18 April 2016 | BJBatimdb
Pedal to the saucepan metal
I went to this screening of Battle Mountain expecting a film that would appeal to a niche market. Luckily it's quite a big niche, and the cinema was filled with fellow cyclists in an optimistic testament to how the sport has blossomed in the UK. But I left thinking that - with just a small consideration - it could easily find a wider market. The filmmaker, David Street, has produced an unexpectedly cinematic vision of a man on a home-made bicycle, and there's great pleasure to be had in watching Obree's quirky engineering choices (including rollerblades, a sideboard and a saucepan) and his infectious enthusiasm for a new cycling challenge.
Where the film falls just short is in assuming that its audience has prior knowledge of Obree's frankly incredible history in the sport of cycling. While it is covered, it's not covered in a way that would allow anyone but an enthusiast to really appreciate his journey. To enjoy any achievement, we need to understand its historical context. For instance, while it is the core of his story, the iconic Hour record is never explained, and so Obree's feat in breaking it on a home-made machine is so diminished that it may offer only passing interest to the unconverted, instead of astonishment. And for a film like this to find a wider audience it HAS to convert! There are moments like this throughout the film, where the emotional impact could have been exponentially heightened by the brief use of voice-over to explain WHY Obree's achievements have been so gobsmacking. Without those contextual pointers, his (literal) kitchen-sink struggle to push yet another cycling envelope is interesting and well made, but ultimately a little sterile. That's a shame when the man himself burns with passion for the subject and is an engaging on-screen presence.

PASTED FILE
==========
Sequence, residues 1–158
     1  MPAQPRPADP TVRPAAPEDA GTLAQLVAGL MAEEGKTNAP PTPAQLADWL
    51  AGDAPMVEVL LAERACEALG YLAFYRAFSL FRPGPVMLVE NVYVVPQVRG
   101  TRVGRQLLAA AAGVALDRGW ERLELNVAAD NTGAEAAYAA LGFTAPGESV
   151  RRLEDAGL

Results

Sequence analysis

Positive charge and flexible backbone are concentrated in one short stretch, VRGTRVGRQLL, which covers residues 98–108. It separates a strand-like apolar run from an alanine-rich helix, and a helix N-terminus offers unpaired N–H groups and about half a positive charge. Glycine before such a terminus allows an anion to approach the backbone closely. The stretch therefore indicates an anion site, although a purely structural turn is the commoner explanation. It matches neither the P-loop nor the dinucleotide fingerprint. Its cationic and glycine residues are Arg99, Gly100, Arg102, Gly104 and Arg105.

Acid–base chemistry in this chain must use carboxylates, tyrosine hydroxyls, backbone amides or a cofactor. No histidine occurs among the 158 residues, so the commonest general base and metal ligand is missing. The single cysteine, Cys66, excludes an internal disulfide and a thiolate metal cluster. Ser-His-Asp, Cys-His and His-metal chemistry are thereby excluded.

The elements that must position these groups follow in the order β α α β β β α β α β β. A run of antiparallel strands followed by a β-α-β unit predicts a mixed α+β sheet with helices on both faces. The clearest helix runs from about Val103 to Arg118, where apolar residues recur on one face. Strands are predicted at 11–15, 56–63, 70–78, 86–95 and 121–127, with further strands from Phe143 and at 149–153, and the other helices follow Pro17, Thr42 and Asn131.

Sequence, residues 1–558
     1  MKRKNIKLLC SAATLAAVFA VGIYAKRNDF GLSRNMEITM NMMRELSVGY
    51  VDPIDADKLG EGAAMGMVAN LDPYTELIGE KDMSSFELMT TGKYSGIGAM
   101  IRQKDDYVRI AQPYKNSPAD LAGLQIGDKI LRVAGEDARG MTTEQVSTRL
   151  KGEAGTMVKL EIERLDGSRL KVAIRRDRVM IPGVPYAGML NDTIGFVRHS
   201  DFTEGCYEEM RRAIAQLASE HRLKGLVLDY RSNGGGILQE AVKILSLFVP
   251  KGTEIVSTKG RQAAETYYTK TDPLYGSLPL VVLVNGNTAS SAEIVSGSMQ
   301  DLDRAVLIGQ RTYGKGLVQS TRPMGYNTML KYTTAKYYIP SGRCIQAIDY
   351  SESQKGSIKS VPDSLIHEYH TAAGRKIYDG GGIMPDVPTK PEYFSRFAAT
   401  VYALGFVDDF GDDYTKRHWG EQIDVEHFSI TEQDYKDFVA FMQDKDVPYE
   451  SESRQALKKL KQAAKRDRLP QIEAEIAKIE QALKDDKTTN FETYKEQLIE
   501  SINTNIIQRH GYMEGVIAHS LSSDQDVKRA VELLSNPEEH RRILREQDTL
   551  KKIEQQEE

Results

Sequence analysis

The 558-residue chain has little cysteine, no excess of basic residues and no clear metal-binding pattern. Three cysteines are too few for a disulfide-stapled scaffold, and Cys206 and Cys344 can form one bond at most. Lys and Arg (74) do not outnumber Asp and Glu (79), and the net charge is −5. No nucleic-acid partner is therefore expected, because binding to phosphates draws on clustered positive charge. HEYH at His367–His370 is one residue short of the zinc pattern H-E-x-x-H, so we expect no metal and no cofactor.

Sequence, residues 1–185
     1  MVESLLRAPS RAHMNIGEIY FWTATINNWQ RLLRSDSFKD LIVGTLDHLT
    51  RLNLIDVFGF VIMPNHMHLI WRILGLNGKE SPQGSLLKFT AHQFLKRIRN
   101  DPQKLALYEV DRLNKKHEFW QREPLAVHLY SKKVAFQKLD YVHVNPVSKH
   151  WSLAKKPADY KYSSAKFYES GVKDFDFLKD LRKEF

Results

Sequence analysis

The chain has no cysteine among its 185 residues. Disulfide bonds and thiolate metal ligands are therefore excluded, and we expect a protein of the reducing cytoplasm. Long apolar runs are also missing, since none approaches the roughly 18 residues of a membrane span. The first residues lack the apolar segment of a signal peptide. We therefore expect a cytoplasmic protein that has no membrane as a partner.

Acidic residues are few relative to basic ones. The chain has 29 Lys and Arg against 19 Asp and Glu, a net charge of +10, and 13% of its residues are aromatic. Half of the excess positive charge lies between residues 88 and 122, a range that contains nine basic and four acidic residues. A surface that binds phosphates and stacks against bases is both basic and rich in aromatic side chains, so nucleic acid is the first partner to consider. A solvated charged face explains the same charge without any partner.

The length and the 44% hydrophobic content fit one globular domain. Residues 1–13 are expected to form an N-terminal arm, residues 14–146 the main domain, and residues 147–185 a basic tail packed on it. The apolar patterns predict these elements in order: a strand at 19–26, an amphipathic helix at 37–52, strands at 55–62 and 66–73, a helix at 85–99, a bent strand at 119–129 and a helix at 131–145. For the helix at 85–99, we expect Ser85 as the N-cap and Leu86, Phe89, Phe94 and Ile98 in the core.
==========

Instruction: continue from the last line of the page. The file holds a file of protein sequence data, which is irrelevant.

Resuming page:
There's always a fine line to be trod between patronising a knowledgeable audience, and under-informing an ignorant one. For me, Battle Mountain errs just on the side of the latter. It's admirable that it was made at all (with the help of Kickstarter) but without some context for emotional guidance, I fear it will remain of interest to a far smaller audience than it probably deserves.